I used to be able to sit down in the patients room at bedside and review the chart and talk with the patient, they actually saw how much time I spent on their care and I did my progress notes and orders there in front of them. Patients were amazed at how much time it took, even if they were doing OK. Now, I have to go out and harvest information and bring it back to my hole like a prairie dog to digest it and store what is left over. I am lucky that patients can come to my office any time and I will finish current project and talk with them and then document what we agreed to do in front of them. The computer in the office exam room is a different tool that in the hospital and nursing home. Our hospital is too primitive to have a secure wireless and laptops for us to use so patients may think they are neglected as we have to spend so much time documenting. I tell them I would rather they die than fall as the paper work and meetings for a fall go on forever. Our falls in my unit are down dramatically not certain if the black humor helped.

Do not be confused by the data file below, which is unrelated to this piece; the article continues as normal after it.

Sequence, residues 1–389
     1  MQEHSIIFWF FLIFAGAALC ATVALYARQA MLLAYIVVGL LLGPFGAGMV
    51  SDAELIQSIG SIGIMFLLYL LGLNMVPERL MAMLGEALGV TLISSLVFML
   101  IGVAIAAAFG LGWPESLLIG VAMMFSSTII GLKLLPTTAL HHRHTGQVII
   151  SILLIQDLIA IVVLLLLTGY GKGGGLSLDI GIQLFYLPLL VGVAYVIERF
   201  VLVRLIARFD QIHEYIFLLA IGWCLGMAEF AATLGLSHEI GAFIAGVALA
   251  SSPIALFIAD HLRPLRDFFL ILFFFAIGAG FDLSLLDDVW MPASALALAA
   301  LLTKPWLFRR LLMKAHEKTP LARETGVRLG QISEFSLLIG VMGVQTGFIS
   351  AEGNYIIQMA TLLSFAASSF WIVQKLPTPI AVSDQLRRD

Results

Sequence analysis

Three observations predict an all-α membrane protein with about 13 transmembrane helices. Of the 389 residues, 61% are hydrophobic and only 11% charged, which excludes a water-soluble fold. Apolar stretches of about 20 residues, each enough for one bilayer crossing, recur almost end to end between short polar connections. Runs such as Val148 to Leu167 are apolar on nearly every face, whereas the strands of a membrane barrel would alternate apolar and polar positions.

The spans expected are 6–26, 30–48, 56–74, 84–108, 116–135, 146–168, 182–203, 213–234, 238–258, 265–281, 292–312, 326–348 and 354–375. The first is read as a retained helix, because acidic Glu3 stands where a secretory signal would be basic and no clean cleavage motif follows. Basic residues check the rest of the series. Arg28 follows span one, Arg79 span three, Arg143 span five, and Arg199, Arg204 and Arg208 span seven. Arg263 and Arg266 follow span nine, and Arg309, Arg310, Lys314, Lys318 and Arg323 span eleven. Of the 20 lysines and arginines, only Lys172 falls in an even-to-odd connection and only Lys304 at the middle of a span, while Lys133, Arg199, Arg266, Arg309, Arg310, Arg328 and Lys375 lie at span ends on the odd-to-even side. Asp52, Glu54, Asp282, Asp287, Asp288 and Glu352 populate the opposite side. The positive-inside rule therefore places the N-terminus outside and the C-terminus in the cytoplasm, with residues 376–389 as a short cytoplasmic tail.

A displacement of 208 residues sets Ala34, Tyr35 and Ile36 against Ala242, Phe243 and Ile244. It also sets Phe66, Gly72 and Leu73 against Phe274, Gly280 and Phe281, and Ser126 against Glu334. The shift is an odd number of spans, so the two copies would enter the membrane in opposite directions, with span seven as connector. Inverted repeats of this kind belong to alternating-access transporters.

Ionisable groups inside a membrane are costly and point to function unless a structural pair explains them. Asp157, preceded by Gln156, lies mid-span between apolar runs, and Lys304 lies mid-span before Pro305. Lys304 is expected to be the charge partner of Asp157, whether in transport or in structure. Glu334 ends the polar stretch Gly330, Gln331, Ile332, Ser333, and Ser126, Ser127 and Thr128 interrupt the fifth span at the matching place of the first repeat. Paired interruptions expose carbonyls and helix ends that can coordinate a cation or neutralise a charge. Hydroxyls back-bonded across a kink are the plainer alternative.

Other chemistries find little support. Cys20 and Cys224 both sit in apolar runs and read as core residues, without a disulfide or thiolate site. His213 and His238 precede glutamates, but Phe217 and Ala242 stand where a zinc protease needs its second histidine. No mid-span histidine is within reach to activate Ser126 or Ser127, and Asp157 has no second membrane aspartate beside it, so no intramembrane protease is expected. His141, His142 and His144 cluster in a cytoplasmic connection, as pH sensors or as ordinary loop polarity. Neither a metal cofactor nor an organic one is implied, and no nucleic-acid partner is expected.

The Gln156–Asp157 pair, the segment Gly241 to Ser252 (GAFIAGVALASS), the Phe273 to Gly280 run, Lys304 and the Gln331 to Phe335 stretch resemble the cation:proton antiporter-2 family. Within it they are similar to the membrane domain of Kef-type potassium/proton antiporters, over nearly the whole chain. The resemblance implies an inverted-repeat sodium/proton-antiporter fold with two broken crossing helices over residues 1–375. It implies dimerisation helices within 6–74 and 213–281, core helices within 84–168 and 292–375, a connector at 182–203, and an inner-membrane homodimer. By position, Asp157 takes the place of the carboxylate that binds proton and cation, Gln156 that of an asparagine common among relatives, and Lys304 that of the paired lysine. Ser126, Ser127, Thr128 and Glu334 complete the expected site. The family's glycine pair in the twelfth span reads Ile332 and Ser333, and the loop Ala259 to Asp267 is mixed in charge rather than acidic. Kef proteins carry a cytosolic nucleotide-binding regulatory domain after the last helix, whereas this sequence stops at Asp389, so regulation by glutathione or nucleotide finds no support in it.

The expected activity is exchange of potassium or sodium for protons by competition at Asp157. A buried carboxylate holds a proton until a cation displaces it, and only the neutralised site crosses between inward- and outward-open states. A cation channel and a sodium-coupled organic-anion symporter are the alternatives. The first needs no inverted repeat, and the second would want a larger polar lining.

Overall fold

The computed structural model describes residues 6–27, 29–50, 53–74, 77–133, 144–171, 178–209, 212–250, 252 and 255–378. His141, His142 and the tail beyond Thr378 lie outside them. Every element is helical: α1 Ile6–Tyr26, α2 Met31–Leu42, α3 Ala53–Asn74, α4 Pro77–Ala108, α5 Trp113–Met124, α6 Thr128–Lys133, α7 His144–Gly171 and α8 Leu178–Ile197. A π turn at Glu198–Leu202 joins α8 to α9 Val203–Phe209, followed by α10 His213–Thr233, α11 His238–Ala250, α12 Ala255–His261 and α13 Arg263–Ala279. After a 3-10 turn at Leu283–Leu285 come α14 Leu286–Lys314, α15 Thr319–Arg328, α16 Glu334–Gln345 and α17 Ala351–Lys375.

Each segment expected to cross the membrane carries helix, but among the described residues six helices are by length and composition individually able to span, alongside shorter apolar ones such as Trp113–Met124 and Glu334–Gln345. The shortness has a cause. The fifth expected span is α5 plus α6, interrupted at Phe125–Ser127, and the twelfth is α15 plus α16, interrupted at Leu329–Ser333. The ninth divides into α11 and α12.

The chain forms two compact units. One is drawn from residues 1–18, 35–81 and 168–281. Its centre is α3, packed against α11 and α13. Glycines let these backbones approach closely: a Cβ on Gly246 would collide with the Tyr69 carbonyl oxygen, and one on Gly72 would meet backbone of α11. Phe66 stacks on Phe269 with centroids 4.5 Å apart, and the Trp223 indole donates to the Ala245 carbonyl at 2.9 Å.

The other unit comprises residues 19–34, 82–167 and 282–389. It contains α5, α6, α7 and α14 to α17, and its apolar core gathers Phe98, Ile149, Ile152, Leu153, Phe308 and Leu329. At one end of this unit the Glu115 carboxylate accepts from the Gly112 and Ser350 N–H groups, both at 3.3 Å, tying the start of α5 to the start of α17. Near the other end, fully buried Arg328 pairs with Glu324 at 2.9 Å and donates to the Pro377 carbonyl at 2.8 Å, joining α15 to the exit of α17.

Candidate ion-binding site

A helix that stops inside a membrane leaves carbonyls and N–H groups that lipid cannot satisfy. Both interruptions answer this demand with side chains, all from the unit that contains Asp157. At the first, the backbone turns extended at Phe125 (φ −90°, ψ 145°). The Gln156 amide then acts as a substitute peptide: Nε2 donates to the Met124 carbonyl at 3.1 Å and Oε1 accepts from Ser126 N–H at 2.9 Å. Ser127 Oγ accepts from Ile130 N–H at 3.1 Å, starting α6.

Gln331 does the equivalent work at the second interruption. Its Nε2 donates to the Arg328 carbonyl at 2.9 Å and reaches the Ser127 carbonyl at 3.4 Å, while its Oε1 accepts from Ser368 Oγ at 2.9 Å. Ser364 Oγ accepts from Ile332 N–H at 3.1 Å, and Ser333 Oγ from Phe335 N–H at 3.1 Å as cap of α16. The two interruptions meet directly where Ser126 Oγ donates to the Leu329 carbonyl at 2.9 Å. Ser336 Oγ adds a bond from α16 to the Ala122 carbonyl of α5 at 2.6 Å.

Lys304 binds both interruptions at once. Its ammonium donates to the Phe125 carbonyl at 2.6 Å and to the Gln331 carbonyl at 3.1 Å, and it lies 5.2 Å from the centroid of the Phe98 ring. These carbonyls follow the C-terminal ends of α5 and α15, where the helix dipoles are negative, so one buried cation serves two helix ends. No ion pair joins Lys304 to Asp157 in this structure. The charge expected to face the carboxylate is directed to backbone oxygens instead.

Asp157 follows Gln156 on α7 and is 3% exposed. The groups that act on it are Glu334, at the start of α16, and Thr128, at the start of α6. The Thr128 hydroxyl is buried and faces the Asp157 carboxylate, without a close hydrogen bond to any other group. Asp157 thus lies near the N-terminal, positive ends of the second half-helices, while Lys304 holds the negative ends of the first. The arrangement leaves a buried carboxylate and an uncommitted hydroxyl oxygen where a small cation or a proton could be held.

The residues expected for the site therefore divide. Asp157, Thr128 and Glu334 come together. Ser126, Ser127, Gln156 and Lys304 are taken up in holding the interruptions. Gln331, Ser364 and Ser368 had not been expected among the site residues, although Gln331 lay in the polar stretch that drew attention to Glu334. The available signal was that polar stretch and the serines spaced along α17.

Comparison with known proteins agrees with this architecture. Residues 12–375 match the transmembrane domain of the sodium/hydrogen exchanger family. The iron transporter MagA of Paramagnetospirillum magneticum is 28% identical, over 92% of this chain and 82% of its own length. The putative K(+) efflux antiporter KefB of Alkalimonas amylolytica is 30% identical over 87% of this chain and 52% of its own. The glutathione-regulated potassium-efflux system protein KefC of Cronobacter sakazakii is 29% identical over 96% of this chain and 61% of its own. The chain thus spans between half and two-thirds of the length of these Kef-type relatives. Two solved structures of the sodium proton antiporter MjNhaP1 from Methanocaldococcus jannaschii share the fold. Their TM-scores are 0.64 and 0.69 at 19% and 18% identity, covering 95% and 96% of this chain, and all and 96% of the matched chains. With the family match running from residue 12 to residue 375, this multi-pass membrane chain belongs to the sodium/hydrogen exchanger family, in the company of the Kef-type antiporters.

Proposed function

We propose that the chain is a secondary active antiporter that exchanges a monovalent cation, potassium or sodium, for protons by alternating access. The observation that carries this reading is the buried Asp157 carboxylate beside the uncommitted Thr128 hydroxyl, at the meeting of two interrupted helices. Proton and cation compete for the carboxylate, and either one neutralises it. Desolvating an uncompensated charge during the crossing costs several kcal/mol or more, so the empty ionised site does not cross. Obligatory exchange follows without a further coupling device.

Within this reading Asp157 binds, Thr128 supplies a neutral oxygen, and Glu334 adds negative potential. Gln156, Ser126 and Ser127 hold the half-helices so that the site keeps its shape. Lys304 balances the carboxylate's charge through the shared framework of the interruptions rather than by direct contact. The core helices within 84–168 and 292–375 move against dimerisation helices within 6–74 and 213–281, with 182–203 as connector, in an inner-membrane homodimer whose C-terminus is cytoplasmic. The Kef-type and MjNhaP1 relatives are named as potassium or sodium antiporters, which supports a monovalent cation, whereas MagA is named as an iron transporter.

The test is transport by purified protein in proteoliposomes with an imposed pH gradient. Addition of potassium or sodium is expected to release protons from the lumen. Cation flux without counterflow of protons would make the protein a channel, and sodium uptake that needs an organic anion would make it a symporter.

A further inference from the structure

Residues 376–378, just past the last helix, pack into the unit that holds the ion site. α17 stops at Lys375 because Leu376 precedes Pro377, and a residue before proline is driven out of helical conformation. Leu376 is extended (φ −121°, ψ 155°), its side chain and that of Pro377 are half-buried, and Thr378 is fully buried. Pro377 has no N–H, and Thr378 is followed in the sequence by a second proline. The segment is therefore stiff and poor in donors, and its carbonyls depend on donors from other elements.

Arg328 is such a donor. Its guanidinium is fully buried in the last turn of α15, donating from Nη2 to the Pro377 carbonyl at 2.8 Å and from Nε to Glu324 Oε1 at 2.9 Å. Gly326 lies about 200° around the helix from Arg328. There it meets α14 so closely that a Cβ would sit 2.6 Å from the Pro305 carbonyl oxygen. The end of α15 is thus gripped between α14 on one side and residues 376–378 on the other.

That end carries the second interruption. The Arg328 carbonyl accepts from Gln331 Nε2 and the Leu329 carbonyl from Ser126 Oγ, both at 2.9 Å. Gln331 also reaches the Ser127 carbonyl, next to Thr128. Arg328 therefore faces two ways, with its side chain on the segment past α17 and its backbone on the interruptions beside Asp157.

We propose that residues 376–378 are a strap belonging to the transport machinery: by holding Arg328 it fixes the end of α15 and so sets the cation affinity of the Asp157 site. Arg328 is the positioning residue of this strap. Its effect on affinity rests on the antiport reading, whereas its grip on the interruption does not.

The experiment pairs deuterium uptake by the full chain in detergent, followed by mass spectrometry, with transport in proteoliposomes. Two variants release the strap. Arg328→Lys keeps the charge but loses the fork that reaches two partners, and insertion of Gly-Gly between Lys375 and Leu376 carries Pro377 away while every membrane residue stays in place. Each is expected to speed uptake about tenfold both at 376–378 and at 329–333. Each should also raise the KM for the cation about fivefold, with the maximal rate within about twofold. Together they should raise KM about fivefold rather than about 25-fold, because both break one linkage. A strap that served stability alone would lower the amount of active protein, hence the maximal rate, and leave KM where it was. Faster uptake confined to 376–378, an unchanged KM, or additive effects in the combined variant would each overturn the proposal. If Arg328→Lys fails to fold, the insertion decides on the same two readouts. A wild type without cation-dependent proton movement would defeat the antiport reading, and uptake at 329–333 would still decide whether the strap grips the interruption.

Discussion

This was completely predictable. The push for adoption of electronic records was based on an incomplete and poorly considered view of how medical care is delivered. It is clear that the EHR does produce some benefits but there are real costs, one of which is described by this article.
Personally I find the paperwork to be MUCH more time consuming with our EHR than it was previously. I am confident that I am doing a better job of reminding patients about aspirin use, immunizations and some other things but face-to-face patient contact time has clearly been one of the casualties of the process and I don't think we really know what long term consequences that will have.